Baby Teething 101: Spotting the Signs & Mastering Comfort Techniques

Baby teething and chewing on a soft green toy

The journey of parenthood is a beautiful yet challenging one, especially when it comes to understanding and soothing your baby's teething discomfort. As parents, we strive to provide the utmost care and comfort to our little ones, especially during those trying times. Teething, a significant milestone in your baby's development, can be a source of discomfort for both the baby and the parents. In this article, we'll explore the essential signs, symptoms, and techniques to soothe your baby's teething woes, helping you navigate this phase with confidence and ease.

Understanding Baby Teething:

Teething typically begins around six months of age, although it can vary from one child to another. During this time, your baby's first set of teeth, also known as primary or baby teeth, starts to emerge through the gums. This process can be accompanied by various signs and symptoms, indicating that your baby is indeed teething.

Signs and Symptoms:

  1. Excessive Drooling: One of the most common signs of teething is increased drooling. You may notice your irritable baby producing more saliva than usual, leading to damp clothing and skin irritation around the mouth.

  2. Irritability and Restlessness: Teething discomfort can cause your baby to feel irritable and restless. They may become fussier than usual, have difficulty sleeping, and seek more comfort from you.

  3. Swollen Gums: As the teeth begin to push through the gums, you may notice redness and swelling in the affected area. Your baby may also experience tenderness and discomfort when pressure is applied to the gums.

  4. Chewing and Gnawing: Babies often instinctively chew and gnaw on objects to alleviate teething discomfort. You may observe your baby trying to bite down on toys, fingers, or even household items to soothe their gums.

  5. Loss of Appetite: Some babies may experience changes in their eating habits during teething. They may refuse to breastfeed or bottle-feed due to the discomfort, while others may seek comfort through nursing or feeding more frequently.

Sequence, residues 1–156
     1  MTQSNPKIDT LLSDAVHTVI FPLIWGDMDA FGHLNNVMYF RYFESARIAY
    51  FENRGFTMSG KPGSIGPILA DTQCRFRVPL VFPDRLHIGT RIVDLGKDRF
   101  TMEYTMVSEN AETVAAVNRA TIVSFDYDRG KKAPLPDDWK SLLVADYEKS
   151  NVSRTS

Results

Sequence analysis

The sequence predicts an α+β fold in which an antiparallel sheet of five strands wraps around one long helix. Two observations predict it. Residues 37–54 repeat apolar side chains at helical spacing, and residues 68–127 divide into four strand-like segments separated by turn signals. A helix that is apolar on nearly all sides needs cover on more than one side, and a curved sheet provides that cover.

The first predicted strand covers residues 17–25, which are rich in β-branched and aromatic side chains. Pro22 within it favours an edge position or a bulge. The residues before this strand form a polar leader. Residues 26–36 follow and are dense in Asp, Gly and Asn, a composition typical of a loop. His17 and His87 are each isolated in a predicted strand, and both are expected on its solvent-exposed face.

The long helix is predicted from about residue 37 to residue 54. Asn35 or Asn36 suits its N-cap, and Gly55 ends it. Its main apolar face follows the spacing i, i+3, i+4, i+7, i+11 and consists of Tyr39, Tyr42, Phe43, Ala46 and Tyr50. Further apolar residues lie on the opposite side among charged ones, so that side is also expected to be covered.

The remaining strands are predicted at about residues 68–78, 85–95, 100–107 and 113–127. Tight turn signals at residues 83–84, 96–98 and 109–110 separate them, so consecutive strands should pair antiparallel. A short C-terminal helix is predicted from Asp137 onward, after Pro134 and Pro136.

Mom kissing her baby on the head while he chews on a teething toy

Techniques to Soothe Teething Discomfort:

  1. Chilled Teething Toys: Offering your baby chilled teething toys can provide relief by numbing the gums and reducing inflammation. Opt for BPA-free silicone or rubber toys specifically designed for teething babies and refrigerate them for added comfort.

  2. Gentle Gum Massage: Using clean fingers, gently massage your baby's gums to alleviate teething discomfort. You can also use a clean washcloth or gauze pad to apply gentle pressure to the swollen areas.

  3. Cold Compress: Applying a cold compress or a clean, wet washcloth to your baby's gums can help reduce inflammation and provide temporary relief from teething pain. Ensure that the compress is not too cold and always supervise your baby during its use.

  4. Teething Rings: Silicone or rubber Liquid-Filled teething rings are designed to be chewed on and can effectively soothe your baby's sore gums. Choose teething rings that are easy for your baby to hold and manipulate, and avoid those filled with liquid or gel.

  5. Breastfeeding or Bottle-Feeding: Nursing or feeding your baby can provide comfort and distraction during teething episodes. If your baby is having difficulty breastfeeding or bottle-feeding due to teething discomfort, try offering a chilled teething ring or breastmilk/formula popsicles to soothe their gums.